Arizona Sheriff Joe Arpaio Charged With Violating Court Order On Treatment Of Latinos

The self-proclaimed "toughest sheriff in America" was officially charged for violating a court order to stop detaining people suspected of being in the US illegally.

Federal prosecutors on Tuesday charged Arizona sheriff Joe Arpaio with criminal contempt for violating a court order to stop detaining people suspected of being in the US illegally.

The charges against Arpaio, the self-proclaimed “toughest sheriff in America" who gained notoriety made for making inmates at his infamous Tent City facility wear pink underwear, are in response to a 2007 lawsuit in which a federal court ruled that the Maricopa County Sheriff’s Office profiled and illegally detained Latinos during traffic stops. The court ordered officials to stop the practice in 2013.

In March 2015, Arpaio and his chief deputy, Jerry Sheridan, admitted to violating the court order, one month before both men were scheduled to appear in court for an hearing that could disclose the inner workings of the sheriff’s office.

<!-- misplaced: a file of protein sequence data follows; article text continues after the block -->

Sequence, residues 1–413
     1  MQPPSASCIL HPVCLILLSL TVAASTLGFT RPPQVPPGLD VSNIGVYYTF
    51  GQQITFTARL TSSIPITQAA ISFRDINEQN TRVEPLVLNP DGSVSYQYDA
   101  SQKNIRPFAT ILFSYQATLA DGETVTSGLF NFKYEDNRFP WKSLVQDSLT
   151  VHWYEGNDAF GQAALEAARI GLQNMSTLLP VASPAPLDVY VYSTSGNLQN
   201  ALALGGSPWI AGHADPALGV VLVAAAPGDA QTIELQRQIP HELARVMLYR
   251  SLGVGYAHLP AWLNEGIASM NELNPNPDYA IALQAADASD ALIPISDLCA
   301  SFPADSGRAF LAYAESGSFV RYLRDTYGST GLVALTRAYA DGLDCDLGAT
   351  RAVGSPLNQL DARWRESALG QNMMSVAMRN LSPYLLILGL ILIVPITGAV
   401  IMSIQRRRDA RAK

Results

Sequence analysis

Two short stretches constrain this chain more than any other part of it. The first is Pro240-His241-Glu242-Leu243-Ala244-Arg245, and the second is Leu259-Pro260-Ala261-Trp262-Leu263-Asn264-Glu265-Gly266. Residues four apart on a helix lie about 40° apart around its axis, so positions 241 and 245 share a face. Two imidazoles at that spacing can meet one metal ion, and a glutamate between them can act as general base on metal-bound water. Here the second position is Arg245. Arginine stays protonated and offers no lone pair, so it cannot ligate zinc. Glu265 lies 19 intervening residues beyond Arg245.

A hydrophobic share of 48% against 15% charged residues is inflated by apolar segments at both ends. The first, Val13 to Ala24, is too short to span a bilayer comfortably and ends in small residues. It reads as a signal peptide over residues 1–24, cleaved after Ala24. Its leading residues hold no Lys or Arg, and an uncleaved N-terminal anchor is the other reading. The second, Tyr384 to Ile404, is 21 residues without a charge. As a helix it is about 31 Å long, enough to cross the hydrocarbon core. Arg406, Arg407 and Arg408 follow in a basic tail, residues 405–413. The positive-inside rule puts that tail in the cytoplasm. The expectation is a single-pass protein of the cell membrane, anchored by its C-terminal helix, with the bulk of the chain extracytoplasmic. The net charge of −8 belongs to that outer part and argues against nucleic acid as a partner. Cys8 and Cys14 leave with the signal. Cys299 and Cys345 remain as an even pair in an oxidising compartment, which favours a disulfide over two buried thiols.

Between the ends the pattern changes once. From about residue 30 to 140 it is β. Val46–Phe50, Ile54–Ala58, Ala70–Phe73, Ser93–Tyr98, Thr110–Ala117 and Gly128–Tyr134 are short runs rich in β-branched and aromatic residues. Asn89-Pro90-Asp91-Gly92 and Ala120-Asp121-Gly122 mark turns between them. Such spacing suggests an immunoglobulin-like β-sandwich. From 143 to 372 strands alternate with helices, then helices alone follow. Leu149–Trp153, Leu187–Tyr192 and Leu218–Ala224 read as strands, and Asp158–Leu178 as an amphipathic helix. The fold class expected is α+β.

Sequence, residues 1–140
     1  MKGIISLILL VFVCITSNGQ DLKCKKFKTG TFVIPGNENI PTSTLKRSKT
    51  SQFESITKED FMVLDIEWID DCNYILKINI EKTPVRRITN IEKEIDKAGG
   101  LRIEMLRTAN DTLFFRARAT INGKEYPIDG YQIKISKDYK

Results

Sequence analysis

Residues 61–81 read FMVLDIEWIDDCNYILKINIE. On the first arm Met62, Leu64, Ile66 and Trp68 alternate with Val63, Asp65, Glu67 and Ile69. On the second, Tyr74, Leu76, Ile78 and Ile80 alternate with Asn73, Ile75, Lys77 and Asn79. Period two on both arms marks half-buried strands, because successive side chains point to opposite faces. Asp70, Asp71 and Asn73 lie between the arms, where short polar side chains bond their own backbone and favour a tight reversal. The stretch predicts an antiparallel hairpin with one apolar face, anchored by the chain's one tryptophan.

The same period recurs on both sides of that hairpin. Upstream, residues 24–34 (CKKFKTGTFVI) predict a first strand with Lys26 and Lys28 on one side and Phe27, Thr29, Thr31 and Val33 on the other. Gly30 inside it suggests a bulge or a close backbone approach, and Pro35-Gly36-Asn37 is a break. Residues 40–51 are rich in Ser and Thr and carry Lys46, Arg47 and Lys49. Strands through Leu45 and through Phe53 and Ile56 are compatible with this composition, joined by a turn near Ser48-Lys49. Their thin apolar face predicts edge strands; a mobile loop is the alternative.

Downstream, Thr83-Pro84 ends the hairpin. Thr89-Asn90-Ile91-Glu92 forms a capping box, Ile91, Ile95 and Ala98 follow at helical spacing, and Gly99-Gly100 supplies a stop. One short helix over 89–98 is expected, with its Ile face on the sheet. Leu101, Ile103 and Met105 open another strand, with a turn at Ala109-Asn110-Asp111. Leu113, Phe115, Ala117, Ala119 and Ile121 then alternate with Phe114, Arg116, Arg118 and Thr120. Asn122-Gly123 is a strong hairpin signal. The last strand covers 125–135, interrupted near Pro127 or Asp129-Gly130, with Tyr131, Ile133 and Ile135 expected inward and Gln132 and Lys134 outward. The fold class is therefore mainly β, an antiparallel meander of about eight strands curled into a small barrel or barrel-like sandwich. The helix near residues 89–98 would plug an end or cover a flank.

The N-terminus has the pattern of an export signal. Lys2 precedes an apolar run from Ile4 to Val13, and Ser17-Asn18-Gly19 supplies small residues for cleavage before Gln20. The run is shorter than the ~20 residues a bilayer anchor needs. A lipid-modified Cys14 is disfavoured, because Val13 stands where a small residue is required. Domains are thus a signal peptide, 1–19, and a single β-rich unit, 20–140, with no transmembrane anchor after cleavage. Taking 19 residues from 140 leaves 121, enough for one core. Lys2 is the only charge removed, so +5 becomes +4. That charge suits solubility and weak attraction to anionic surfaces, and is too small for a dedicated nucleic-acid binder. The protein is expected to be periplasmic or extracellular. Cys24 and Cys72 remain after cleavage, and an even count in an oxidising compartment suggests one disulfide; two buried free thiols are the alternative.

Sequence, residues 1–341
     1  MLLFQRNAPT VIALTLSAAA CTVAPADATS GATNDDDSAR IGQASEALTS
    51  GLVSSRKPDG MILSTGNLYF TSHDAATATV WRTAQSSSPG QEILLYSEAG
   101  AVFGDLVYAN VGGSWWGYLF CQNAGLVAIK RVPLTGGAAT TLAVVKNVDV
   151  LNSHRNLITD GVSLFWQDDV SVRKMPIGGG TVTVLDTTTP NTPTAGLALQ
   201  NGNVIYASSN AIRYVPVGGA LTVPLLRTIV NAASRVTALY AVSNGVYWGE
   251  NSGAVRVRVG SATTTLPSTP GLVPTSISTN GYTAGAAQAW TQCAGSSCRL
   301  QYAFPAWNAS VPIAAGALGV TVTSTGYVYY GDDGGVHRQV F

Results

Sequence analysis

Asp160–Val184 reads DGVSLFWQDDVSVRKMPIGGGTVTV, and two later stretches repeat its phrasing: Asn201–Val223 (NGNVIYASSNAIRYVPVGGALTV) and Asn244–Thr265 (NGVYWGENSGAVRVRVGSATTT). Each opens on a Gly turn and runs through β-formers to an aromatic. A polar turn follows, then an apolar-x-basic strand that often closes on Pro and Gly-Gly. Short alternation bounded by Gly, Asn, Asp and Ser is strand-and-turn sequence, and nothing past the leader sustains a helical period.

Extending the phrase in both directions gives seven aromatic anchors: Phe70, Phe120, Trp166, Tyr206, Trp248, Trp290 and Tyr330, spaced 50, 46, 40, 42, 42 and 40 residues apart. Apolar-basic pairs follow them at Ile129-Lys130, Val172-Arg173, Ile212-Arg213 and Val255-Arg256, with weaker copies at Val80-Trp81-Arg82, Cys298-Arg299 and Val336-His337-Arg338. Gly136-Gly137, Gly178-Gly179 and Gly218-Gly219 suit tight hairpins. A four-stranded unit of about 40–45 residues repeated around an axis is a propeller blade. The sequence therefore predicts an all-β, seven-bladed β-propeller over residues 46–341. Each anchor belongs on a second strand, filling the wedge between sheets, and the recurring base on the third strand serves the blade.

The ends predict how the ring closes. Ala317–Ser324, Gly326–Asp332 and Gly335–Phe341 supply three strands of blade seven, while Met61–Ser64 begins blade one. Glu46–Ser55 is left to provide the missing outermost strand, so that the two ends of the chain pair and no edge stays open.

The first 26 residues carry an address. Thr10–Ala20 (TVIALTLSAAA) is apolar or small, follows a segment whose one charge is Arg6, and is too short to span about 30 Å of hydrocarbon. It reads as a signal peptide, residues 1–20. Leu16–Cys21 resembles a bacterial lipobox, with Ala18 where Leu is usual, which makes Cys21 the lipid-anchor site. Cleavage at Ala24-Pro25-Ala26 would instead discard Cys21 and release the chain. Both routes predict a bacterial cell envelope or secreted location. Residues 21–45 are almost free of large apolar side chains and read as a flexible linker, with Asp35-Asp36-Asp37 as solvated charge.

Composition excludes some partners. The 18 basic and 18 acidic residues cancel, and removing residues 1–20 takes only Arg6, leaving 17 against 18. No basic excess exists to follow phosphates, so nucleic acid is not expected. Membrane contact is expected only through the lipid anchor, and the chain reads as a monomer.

Because of procedural defects, however, the Department of Justice (DOJ) said in a statement that prosecutors will only pursue a case against Arpaio.

Plans to charge Arpaio had been announced earlier in October, one day before early voting began in his reelection bid.

In a statement, Arpaio said the DOJ’s decision to pursue charges was a blatant abuse of power, a ploy to thwart his reelection, and a war on law enforcement. He also claimed he was targeted by the Obama administration shortly after taking office “because enforcing illegal immigration laws is not politically correct.”

“DOJ officials know this is their last shot at taking me down,” Apraio said. “I will fight this case tooth and nail because I know these charges are rubbish. In the end, I am confident I will be exonerated.”

If convicted, Arpaio could face up to six months in jail for misdemeanor criminal contempt, but could still keep his position as sheriff.

However, if he’s convicted of a felony, he faces an unspecified sentencing range, which could force him out of office.

A preliminary trial date has been set for Dec. 6.

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